JOHANNESBURG - Australia forward Harry Kewell is winning his race to be fit for the Socceroos' opening World Cup game on June 13, coach Pim Verbeek said on Monday.
The Galatasaray forward did not train with the squad in their morning session but looks set to be included in Verbeek's final squad of 23 which will be announced after a warm-up game against Denmark on Tuesday.
The tournament starts on June 11 in South Africa and Australia play their first Group D game against former champions Germany two days later.
"Harry's OK, he will go through another tough training session tomorrow ... the expectation is that he will start training on Thursday with us," Verbeek told reporters at their Johannesburg training camp.
"It is good that we have 10 days and he is perfectly on track, that is exactly what we had planned."
Kewell, one of the 20th ranked Socceroos most high profile players, could play in the final friendly against the United States on Saturday.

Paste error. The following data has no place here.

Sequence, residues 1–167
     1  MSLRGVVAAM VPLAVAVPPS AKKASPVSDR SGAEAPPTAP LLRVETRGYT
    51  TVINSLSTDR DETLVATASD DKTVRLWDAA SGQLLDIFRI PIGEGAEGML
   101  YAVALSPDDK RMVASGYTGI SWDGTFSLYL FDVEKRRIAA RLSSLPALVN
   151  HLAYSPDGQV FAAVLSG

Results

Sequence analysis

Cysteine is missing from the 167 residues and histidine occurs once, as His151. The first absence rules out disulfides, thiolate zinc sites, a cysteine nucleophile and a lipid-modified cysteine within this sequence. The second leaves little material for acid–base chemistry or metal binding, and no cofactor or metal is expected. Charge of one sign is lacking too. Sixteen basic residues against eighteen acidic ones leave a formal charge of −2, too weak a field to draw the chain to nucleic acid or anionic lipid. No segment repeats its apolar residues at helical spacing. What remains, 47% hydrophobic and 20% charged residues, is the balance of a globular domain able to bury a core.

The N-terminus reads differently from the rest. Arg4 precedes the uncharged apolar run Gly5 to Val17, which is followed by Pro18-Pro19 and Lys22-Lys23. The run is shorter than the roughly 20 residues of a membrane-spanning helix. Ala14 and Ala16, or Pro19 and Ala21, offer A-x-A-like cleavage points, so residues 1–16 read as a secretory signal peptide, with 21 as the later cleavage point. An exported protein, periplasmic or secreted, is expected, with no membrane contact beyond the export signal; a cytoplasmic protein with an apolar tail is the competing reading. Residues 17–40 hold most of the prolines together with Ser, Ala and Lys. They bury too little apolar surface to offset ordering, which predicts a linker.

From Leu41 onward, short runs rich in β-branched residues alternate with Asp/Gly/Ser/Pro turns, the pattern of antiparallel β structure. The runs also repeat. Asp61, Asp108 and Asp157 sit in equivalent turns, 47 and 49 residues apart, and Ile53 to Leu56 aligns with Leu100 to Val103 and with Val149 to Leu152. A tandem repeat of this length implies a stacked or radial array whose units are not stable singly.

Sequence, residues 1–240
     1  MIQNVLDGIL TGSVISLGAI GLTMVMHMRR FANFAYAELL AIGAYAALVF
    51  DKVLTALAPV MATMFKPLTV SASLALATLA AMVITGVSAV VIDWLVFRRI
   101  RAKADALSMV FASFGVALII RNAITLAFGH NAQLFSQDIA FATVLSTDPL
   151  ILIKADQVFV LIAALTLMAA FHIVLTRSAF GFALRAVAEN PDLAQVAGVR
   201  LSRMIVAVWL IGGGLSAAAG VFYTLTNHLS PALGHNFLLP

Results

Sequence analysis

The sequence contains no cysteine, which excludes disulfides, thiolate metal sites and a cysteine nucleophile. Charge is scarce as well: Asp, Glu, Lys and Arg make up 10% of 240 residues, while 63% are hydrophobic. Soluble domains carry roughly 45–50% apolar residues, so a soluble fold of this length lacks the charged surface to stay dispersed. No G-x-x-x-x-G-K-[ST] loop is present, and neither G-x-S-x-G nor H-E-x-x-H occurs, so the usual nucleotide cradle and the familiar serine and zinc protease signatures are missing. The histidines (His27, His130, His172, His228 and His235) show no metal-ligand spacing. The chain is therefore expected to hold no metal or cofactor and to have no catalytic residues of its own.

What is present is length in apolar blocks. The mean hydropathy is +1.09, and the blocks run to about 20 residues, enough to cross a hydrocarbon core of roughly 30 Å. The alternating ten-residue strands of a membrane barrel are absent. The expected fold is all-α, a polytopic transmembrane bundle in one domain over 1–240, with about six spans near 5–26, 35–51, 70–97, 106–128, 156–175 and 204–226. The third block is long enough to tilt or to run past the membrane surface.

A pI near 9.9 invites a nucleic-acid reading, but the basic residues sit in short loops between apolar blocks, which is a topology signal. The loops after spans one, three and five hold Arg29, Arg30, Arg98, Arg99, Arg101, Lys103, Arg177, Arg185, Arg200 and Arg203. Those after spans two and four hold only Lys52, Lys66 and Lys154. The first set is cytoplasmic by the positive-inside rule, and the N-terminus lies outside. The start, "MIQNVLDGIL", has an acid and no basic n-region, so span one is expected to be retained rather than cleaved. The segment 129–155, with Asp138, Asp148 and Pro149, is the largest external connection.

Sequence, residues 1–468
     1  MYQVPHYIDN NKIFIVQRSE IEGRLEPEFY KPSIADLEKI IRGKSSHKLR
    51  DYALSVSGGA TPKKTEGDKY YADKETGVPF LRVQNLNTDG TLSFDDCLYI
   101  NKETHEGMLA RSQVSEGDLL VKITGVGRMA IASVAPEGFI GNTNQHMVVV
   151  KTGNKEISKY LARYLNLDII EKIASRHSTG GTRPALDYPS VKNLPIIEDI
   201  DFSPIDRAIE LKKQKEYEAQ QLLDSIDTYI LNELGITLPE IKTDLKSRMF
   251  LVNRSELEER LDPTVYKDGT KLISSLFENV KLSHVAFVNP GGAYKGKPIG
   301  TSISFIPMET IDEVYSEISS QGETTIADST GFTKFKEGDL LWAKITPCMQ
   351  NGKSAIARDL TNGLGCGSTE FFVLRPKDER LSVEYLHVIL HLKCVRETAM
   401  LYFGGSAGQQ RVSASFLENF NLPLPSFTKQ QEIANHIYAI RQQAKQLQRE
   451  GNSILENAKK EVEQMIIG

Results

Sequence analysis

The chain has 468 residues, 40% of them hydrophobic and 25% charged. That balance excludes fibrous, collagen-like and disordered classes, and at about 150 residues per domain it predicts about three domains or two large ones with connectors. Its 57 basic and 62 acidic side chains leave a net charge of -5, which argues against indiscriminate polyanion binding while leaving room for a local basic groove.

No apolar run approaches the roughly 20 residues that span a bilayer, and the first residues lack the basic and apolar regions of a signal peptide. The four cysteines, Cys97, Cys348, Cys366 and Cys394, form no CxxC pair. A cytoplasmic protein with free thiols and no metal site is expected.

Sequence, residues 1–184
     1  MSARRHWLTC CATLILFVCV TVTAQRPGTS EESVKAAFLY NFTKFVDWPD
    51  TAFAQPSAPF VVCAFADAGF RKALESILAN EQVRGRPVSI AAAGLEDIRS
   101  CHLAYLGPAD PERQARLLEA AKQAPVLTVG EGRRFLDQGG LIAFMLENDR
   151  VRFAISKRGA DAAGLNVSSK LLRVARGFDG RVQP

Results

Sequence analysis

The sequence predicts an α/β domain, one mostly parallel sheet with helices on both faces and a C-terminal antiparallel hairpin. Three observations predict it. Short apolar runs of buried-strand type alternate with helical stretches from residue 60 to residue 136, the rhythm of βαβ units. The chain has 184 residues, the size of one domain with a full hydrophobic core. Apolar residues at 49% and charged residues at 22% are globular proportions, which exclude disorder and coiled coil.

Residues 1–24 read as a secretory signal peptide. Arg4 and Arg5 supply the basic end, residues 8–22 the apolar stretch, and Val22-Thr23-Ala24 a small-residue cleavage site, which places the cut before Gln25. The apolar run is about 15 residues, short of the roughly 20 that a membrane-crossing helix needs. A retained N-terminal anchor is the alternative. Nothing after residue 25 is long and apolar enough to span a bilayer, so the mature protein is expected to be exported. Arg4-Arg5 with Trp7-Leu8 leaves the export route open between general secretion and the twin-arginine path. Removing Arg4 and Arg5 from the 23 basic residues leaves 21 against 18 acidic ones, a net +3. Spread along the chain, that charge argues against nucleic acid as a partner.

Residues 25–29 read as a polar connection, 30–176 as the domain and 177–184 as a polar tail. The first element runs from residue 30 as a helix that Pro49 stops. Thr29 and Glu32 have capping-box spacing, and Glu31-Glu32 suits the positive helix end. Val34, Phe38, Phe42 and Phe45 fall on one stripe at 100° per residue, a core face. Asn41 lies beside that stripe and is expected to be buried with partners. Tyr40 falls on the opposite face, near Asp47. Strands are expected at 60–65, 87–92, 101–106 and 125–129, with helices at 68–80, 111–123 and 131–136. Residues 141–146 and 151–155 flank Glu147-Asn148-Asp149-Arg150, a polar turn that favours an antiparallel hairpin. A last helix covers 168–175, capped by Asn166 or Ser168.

Australia, who made it though the group stages at the 2006 World Cup, also face Ghana and Serbia.
Captain Lucas Neill, meanwhile, joined the growing list of players criticising the official World Cup ball.
"On the ground, in the air it makes control difficult and it means you have to watch the ball right onto your foot," he said.
"Any slight pass that is 10, 20 centimetres off target usually stays 10 or 20 centimetres off target and it's hard to reach."
The Adidas ball, known as "Jabulani" which means to celebrate in Zulu, is particularly tricky for goalkeepers.
"I feel sorry for the keepers most of all because the ball is going to move a helluva lot in the air," Neill said.
Spain goalkeeper Iker Casillas on Sunday described it as a "beachball" due to its light weight and unpredictable movement. Italy's Gianluigi Buffon slammed the ball as "shameful."comments